Good news has been in short supply for shareholders in Standard Life Aberdeen since the merger that created it.
What with massive redemptions from clients hacked off with poor investment returns and a staggering loss of value on the stock market, the wheel of fortune surely had to turn eventually.
On Tuesday, it finally did.
Arbitrators have decided Lloyds was wrong to pull its £100 billion fund management contract with Aberdeen Asset Management after the merger.
Lloyds had claimed that Aberdeen’s new love, Standard Life, was a direct competitor to its own insurance division, thereby triggering a break clause.
The trouble with Lloyds’ argument, the tribunal ruled, was that there was no competitive threat after Staberdeen flogged its insurance book to Phoenix.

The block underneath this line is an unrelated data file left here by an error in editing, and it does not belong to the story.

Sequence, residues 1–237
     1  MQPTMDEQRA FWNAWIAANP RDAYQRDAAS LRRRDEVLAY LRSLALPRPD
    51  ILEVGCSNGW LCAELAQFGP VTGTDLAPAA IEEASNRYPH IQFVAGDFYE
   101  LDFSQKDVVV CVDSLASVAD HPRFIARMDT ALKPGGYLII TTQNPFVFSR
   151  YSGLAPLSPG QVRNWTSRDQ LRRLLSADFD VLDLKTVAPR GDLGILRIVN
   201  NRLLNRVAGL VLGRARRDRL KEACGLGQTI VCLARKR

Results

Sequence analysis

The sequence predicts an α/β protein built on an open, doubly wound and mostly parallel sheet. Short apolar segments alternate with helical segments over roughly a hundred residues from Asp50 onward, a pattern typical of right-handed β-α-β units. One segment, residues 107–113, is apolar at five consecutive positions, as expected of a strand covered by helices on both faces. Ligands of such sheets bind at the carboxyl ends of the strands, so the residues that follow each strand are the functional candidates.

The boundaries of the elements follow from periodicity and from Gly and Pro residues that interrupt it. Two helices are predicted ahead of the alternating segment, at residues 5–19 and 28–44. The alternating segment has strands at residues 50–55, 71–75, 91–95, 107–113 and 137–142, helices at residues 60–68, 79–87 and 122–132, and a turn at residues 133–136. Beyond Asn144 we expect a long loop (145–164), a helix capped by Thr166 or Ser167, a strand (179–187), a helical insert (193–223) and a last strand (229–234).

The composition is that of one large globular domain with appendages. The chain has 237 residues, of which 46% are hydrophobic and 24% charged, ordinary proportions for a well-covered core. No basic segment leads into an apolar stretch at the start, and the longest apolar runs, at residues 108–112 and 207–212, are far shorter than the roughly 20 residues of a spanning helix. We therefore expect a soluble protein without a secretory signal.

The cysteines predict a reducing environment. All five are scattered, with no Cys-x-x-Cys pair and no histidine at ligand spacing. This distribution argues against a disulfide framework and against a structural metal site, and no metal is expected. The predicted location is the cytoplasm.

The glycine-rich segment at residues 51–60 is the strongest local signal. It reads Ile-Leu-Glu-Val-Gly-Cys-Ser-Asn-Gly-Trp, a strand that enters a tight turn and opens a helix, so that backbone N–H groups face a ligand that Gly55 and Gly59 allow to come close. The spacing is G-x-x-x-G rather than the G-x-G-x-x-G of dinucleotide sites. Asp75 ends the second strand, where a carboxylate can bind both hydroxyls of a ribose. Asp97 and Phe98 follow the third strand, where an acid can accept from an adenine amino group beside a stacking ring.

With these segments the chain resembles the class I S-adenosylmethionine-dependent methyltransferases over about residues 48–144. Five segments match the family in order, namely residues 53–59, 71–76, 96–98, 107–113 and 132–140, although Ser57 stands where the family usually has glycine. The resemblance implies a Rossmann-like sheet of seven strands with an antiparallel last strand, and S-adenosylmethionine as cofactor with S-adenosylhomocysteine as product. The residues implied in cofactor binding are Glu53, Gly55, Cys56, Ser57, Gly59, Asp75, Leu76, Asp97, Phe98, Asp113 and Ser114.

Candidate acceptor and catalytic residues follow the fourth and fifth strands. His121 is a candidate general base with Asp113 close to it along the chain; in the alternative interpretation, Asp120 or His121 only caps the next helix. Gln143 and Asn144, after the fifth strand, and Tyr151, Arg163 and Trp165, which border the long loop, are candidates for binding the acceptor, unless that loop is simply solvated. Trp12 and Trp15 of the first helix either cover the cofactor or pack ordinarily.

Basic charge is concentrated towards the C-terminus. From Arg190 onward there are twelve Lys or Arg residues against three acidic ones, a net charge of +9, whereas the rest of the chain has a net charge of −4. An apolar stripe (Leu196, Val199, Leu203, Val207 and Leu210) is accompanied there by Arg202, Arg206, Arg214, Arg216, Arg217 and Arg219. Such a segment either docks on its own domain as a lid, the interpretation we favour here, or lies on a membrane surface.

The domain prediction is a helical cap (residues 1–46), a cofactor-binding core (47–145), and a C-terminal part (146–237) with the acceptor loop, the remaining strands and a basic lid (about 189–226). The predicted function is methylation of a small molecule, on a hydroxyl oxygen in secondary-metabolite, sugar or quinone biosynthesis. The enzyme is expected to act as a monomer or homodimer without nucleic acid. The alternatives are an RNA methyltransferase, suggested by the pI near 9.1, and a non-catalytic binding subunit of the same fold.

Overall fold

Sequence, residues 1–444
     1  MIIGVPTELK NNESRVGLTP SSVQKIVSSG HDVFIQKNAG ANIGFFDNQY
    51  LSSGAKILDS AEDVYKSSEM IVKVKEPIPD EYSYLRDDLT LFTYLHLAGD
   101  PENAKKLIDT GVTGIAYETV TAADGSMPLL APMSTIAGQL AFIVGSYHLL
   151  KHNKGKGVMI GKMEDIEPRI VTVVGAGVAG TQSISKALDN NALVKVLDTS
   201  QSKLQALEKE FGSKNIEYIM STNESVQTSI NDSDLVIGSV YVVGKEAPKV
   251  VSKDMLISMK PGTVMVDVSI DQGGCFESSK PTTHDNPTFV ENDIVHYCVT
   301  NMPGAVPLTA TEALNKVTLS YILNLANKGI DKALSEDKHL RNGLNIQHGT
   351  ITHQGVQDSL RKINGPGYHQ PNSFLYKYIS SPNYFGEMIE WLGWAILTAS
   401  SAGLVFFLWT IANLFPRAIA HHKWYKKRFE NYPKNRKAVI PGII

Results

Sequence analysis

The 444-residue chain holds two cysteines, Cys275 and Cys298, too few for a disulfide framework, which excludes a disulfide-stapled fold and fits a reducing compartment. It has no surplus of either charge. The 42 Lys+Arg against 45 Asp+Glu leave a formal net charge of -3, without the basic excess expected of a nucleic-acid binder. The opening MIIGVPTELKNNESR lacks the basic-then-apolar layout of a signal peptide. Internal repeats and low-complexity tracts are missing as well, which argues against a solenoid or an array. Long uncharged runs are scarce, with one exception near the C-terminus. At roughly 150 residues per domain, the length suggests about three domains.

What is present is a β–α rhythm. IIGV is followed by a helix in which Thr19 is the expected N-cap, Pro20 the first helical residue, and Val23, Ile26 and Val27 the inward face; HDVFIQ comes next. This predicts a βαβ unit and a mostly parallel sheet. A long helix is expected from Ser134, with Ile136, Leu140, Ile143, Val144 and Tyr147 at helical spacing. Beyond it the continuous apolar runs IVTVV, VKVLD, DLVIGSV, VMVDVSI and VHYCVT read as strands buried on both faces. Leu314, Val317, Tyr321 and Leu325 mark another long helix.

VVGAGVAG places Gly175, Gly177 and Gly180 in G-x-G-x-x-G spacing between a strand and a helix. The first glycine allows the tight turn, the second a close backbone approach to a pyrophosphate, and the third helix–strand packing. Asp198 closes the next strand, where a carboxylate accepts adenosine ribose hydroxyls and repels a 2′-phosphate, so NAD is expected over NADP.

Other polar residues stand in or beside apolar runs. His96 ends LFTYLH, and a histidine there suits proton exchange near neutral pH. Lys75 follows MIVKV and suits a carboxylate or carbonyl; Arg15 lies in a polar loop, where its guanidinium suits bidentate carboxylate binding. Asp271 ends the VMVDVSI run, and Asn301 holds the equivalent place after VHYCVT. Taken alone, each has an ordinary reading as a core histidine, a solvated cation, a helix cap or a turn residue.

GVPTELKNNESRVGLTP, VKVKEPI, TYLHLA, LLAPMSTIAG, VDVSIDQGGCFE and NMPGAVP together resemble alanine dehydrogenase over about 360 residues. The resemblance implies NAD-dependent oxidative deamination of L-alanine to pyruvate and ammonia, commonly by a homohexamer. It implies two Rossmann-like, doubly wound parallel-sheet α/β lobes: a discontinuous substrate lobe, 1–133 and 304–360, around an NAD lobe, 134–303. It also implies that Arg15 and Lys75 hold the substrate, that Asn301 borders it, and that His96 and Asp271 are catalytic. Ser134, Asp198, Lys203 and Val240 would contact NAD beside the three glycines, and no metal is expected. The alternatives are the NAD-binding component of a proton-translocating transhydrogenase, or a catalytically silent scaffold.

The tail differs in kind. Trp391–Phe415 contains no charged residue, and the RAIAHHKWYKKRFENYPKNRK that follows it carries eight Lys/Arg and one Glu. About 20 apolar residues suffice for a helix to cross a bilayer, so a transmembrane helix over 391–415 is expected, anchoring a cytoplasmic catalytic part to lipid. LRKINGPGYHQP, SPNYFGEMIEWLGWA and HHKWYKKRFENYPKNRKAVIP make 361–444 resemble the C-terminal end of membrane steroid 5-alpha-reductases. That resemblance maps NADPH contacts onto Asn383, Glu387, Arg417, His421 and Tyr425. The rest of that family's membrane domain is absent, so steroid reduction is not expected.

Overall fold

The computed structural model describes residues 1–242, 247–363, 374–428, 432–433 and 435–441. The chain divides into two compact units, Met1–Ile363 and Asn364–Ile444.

Stabbers now finds itself in the rare position of holding all the cards. It can demand either that Lloyds honours the contract and lets it run to its original term of 2022, or coughs up the £330 million in fees it would have paid over that period.
Such a vast sum makes even António Horta-Osório’s pension look small.
Standard’s Keith Skeoch could be forgiven for glorying in this big-game triumph, a safari-booted foot on the prone body of his vanquished quarry.
Instead, he was ’umbler than Uriah Heep.
Conciliatory words abounded as he invited his foe to negotiate.
Clever. Lloyds is Britain’s biggest high street bank and will be a potential client for decades yet.
Skeoch will play the long game and keep relations sweet. Extract lower reparations now in return for more business later. That shows good judgment from which investors should take comfort.
Perhaps SLA’s 9% divi yield is missing something.